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Johns Hopkins' Dan Johnson redeemed himself with interception return for touchdown

Dan Johnson was "mad" about the special-teams gaffe that preceded his interception return for a touchdown.

Dan Johnson’s 23-yard interception return for a touchdown with 23 seconds left in the third quarter of No. 11 Johns Hopkins’ 45-24 win against Centennial Conference foe Franklin & Marshall on Saturday was the defense’s first takeaway for a score in almost two years.

On Nov. 16, 2013, then-freshman Jack Toner returned an interception 36 yards for a touchdown in a 52-21 demolition of McDaniel. On Saturday, the Blue Jays (9-0 overall, 8-0 Centennial Conference) were the beneficiaries of Johnson’s heady play to leap and throw his hands up as he was blitzing off the right edge of the defense toward Diplomats senior quarterback Matt Magarity.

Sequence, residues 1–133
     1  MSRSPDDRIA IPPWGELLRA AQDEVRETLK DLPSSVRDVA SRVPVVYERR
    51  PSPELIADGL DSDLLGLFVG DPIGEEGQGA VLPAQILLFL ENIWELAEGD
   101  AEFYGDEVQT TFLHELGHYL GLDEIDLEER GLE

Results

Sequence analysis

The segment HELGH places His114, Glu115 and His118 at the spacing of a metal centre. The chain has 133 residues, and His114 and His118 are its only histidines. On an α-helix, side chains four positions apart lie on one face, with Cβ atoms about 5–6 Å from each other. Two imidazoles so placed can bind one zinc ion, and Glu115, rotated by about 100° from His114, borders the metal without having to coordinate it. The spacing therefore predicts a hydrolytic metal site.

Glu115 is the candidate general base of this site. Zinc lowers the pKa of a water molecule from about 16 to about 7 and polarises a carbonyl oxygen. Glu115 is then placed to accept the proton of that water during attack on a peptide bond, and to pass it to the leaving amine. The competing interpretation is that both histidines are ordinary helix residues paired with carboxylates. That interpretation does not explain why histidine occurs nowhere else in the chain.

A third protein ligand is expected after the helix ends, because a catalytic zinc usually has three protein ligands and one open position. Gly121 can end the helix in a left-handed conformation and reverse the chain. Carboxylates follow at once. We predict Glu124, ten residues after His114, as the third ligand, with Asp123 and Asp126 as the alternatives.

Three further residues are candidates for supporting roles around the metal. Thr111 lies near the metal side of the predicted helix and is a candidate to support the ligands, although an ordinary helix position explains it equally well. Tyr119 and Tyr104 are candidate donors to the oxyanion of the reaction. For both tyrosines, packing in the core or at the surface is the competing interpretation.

“I’m not going to say it was easy, but I was surprised that it was right there,” the 5-foot-10, 180-pound Westminster graduate said. “I was hoping just to maybe get a hand on it, but I was able to get to it and take it with nobody in my way to the end zone.”

Johnson’s touchdown, which inflated Johns Hopkins’ advantage to 42-17, occurred two quarters after an unusual turn of events on a Franklin & Marshall punt. Junior Cody Hubbs lined a punt down the right hash marks that hit Johnson’s right heel as he was attempting to run down the field and make a block for junior Bradley Munday.

The Diplomats (6-3, 5-3) recovered the ball and ended the drive with a 25-yard field goal. Johnson said that the special-teams gaffe weighed on him.

“I didn’t do anything on that play that was bad,” he said. “There was nothing I could have done about it. It was just a fluke play, but obviously, I was still mad about it. So being able to make [a] play, I was just happy it happened.”

Coach Jim Margraff said he was pleased to see Johnson make a play that more people will remember.

“He’s a terrific player and a great special teams player,” he said. “That was just unlucky. What he did in the end was skill. So that was great.”

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